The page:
• Steven Marsh

Worshipping The Triune God of Unconditional Love–Light (Love) Vanquishes Darkness (Hate): the

Peter Wehner, an opinion writer for The New York Times,writes, “In his book What’s So

Amazing About Grace?Philip Yancey describes a conference on comparative religions where experts from around the world debated which belief, if any, was unique to the Christian faith. C.S. Lewis happened to enter the room during the discussion. When he was told the topic was Christianity’s unique contribution among world religions, Lewis responded: “Oh, that’s easy. It’s grace.”[1]It is true. Only Christianity places “grace” at the theological core of its belief system. And that is important, my friends. That is the good news of Christmas. It is when we are embraced by God’s unmerited favor and embrace God who loves us unconditionally that we see life in a new way in that the Light (Love) of God has vanquished the Darkness (Hate) that the world and others hurl our way on a daily basis.

Isaiah 9:2-7 describes a people who once walked in great darkness and saw a light which increased their joy, released their burden and removed their oppressor. Why? A child was born. And this child had a name. In the naming of a child, great care is taken to choose the name that will bring distinction to the new life. Jesus’ name derived from the Hebrew Yehoshua means “Yahweh is salvation.” Jesus is the name given to the son of Mary and Joseph. Jesus is the promised Messiah who as God incarnate is God’s self-revelation who brought salvation to the world. Isaiah 9:2-7 states other names for Jesus. They are:

Immanuel: This Jesus is God present with his people.

Wonderful Counselor: This Jesus is God. He will show us the way to new life.

Mighty God: This Jesus is God. He brings salvation and justice.

Everlasting Father: This Jesus is God. He provides and cares for us.

Prince of Peace: This Jesus is God. He is the One who brought and continues to bring the Reign of Peace on earth.

Son of Man: This Jesus is the “Son of Man” which is from the Hebrew ben adam.Ben Adam designates a collective humanity or an individual within the collective humanity. The first Adam is representative of you and me; the second Adam is Jesus, which is representative of whom we become through faith in Jesus.

Again, Peter Wehner writes, “Grace is different. It is the unmerited favor of God, unconditional love given to the undeserving. It’s a difficult concept to understand because it isn’t entirely rational. There’s a radical equality at the core of grace. None of us are deserving of God’s grace, so it’s not dependent on social status, wealth or intelligence.”[2]This Light (Love) of grace vanquishes the Darkness (Hate) of exclusion. We worship the Christmas Child, Jesus, tonight. Sandra Maria Van Opstal writes, “As long as our worship makes people feel excluded or in constant visitor status, we are not accomplishing the ministry of biblical hospitality.”[3]Who is this welcoming, inclusive and loving Jesus? Well, it’s not the…

Political Party Republican Jesus, who is against tax increases and activist judges, for family values and owning firearms or the Political Party Democrat Jesus, who is against Wall Street and Wal-Mart, for reducing our carbon footprint and printing money.

Revolutionary Jesus, who teaches us to rebel against the status quo, stick it to the man, and blame things on “the system.”

Good Example Jesus, who shows you how to help people, change the planet, and become a better you.[4]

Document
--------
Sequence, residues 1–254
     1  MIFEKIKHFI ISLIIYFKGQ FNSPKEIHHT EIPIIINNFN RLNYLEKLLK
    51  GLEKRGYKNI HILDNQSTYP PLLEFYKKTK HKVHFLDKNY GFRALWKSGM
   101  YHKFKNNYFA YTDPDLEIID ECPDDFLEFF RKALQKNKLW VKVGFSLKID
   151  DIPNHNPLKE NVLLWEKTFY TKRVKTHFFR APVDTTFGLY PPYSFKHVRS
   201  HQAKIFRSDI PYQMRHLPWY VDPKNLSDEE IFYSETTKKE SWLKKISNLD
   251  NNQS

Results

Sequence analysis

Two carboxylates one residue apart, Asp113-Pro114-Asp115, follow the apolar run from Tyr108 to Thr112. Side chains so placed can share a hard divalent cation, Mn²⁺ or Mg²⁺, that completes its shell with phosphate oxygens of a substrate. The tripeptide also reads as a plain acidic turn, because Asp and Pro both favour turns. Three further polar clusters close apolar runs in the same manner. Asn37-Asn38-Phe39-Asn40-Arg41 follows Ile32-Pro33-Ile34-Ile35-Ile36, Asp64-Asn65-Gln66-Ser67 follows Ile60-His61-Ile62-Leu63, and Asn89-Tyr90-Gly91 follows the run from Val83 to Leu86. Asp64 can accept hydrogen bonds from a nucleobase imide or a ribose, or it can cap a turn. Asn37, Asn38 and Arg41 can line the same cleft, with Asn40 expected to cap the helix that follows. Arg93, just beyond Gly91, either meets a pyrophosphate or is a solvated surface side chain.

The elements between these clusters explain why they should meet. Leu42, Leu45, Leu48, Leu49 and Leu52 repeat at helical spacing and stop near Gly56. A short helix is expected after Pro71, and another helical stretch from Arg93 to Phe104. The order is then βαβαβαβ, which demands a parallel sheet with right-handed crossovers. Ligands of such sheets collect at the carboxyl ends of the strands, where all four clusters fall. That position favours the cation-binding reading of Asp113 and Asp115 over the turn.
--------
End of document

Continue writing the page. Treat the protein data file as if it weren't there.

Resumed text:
The welcoming, inclusive, grace-filled and loving Jesus is…

the Son of the living God. God in the flesh; the one to establish God’s reign and rule; the one to heal the sick, give sight to the blind, freedom to the prisoners and proclaim Good News to the poor; the Lamb of God who came to take away the sins of the world.

the Creator come to earth and the beginning of a New Creation.

the Christ predicted through the Prophets and prepared for through John the Baptist, not a reflection of the current mood or the projection of our own desires. He is our Lord and God.[5]

Jesus is calling you by name. Wehner remarks, “If you find yourself in the company of people whose hearts have been captured by grace, count yourself lucky. They love us despite our messy lives, stay connected to us through our struggles, always holding out the hope of redemption. When relationships are broken…it’s grace that causes people not to give up, to extend the invitation to reconnect, to work through misunderstandings with sensitivity and transparency.” When you respond to God’s calling, it is good news for the world. You then represent what a human can look and behave like as envisioned in God’s desire. Isaiah’s voice on Christmas Eve reminds us that salvation is not merely a spiritual victory that works like a lullaby and lulls us into an individualistic complacency. To the contrary, the Christ Child took on the power of darkness, the tools of war and injustice, unjust laws and the rod of the oppressor. And in the name of Jesus, we join that mission.[6]Believe in Jesus. Embrace the Light (Love). It vanquishes Darkness (Hate). This is the good news of Christmas. Merry Christmas.

[1]Peter Wehner, The New York Times, December 23, 2018.

[2]Ibid.

[3]Sandra Maria Van Opstal, The Next Worship: Glorifying God in a Diverse World(Downers Grove, Illinois: InterVarsity Press, 2016), 63.

[4]Adapted from Kevin Young, “Who Do You Say That I Am?” from his DeYoung, Restless, and Reformed blog (posted June 10, 2009).

[5]Ibid.

[6]This paragraph was influenced by Alan Gregory and Thomas G. Long in Joel B. Green, Thomas G. Long, Luke A. Powery and Cynthia L. Rigby, editors, Connections, Year C, Volume 1 (Louisville, Kentucky: Westminster John Knox Press, 2018), 19-20 and 63-66.

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